The recent Equifax data breach has reignited the national discussion on cybersecurity. Accusations and outrage abound, but how do companies prevent hacks like this from occurring in the future?
The answer is a bit less headline-grabbing—it’s all in the code. This article details what organizations can learn from the Equifax breach and how they can prevent future compromises.
In a previous article, I explored different approaches organizations can use to tackle technical debt before it’s too late. Technical debt occurs when organizations don’t keep applications up-to-date with the current patch or point level. This exposes organizations to common vulnerabilities and exposures, known as CVEs.
The Equifax breach, an Apache Struts exploit, reinforces what most corporations are already aware of: Companies are vulnerable because they fail to regularly patch their applications.
This raises an obvious question: why? There are a variety of reasons for the lack of regular patches: Dependencies, old links in documentation, a lack of time allotted to test newer versions, and the simple fear of change.
Why data breaches happen
Compatibility is also a big factor, as we’ve seen in our work over the years. Struts versions have unsupported or broken features, plugins, and prevent easy upgrades. These reasons are likely excuses as to why Equifax couldn't—or didn't—apply the engineering resources needed to upgrade to the latest patch level of Struts to protect their customer's data from the exploited hack.
In most companies, engineers are pressured to deliver functionality and business value over upgrading software components and keeping libraries or tech stacks current. Information security officers have been highlighting these CVEs to application development and the business. It’s a risk decision put to businesses to determine where their development dollars are spent. Ultimately, the risk can easily be the downfall of a company who chooses not to address CVEs promptly.
The Equifax breach illustrates the perils of using open-source technology that has been exploited—something many companies do, not just Equifax.
While most companies use perimeter security such as firewalls, DDOS, intrusion detection, and other measures, this exploit parallels SQL Injection attacks, where perimeter security doesn’t catch the hack. The exploit is injected into the web server, which allows hackers to spread throughout the organization. They can then access data that would otherwise be safe.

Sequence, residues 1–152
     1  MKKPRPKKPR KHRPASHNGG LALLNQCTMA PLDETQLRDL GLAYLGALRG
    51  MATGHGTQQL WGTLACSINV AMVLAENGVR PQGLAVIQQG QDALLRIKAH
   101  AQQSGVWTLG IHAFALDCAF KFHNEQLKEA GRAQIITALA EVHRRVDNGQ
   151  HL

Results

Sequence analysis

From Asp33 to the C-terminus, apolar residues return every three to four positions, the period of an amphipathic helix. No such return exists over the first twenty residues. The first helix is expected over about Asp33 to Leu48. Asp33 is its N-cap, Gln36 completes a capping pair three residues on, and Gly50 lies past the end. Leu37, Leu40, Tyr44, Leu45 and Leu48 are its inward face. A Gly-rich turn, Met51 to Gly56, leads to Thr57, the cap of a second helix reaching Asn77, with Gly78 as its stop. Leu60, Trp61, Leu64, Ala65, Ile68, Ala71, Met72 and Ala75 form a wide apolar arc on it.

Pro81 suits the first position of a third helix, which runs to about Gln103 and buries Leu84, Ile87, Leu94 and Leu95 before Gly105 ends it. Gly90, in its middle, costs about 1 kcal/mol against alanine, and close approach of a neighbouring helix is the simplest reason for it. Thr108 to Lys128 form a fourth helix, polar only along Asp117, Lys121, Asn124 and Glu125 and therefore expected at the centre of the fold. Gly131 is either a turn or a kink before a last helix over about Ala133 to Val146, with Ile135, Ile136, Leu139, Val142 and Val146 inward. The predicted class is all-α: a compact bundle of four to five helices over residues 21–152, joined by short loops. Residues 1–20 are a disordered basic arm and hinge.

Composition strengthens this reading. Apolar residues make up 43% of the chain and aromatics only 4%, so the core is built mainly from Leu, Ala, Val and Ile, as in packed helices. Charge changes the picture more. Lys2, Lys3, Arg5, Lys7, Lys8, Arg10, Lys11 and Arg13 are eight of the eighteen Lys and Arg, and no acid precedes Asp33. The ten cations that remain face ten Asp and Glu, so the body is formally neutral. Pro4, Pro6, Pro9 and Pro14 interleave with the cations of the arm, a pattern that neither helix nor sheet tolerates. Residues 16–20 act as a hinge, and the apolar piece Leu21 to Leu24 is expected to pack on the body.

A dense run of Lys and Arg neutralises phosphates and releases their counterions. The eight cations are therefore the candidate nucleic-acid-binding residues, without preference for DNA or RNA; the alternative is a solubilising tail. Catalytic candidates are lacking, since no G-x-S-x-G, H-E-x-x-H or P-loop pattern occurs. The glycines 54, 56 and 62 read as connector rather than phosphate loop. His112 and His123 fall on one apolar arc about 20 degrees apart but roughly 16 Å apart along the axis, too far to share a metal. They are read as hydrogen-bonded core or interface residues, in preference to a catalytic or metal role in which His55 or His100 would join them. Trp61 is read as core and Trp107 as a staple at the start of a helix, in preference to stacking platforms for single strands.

Even in the day of Agile development with DevOps, continuous integration, and continuous delivery, many of the application build processes use static references to the dependencies and libraries, which become part of the product in production. These static references in the build (e.g., POM file), or in a static repository such as Nexus or Artifactory, are part of the problem. The other extreme is to update libraries and dependencies with every build, using tools such as Gradle or Git. There’s a happy medium that needs to be governed by the overall scrum process to ensure all security and current versions are incorporated into builds and releases.
Keep your Apache Struts current!
If we look at the Struts example, there are many publicly available Struts versions incorporated into various companies’ web applications:
- 1.x: The original version of Struts had versions 1.0.x, 1.1.x, 1.2.x and 1.3.10
- 1.3.10: Most current version of Apache Struts 1.x supported but general end of life
- 2.x: The second version of Struts (Struts2) currently has versions 2.3.x and 2.5.x
- 2.3.34 and 2.5.13: Most current version of Apache Struts 2.x supported
All these Strut versions are available on Apache open-source downloads. All are used by various Fortune 1000 companies.
At the time of writing this article, there are 74 known CVEs in Apache Struts technology which have been publicly acknowledged and patched. This tally does not include undocumented CVEs, however—the real number of exposures is, in all likelihood, significantly higher.
Is your application safe? That depends on what version you’re running. Are you current? If you’re not at Struts version 2.3.34 or 2.5.13, then you are not up-to-date—you are vulnerable.
Ways companies can prevent future data breaches
What can you do? A simple upgrade of Struts may not be simple. It may require remediation of specific APIs contracts, source-code changes, or a refactoring into new technology stack components. In light of recent public exploits, we’ve had a stream of requests to engage in assessments of Struts-based applications. In a recent case, our team executed a high-level analysis and mapped out a path to replace Struts with other technologies, rather than trying to patch and repair the old Struts.
Some key lessons to incorporate before you’re exploited, too:
- Keep track of Common Vulnerabilities and Exposures (CVE) through a reputable source such as MITRE
- Keep a detailed list of all your software's dependencies, libraries, and components, by version. Keep these at the most current general release version
- Incorporate release dependency as part of the build process— download the current version from the internet, GitHub, or other repository to include in the continuous integration process, forcing currency into each build and release
- Ensure your business partners factor 20 percent of their quarterly release budget to keeping applications and their dependencies current.
- Break larger applications into smaller sub-components to manage these pieces independently and more quickly address CVE or current version issues.
We can bring the Lean and Agile process to bear and quickly turn your challenge into your next business value—even if it’s to reduce the risk of an exploit against your company’s data or systems.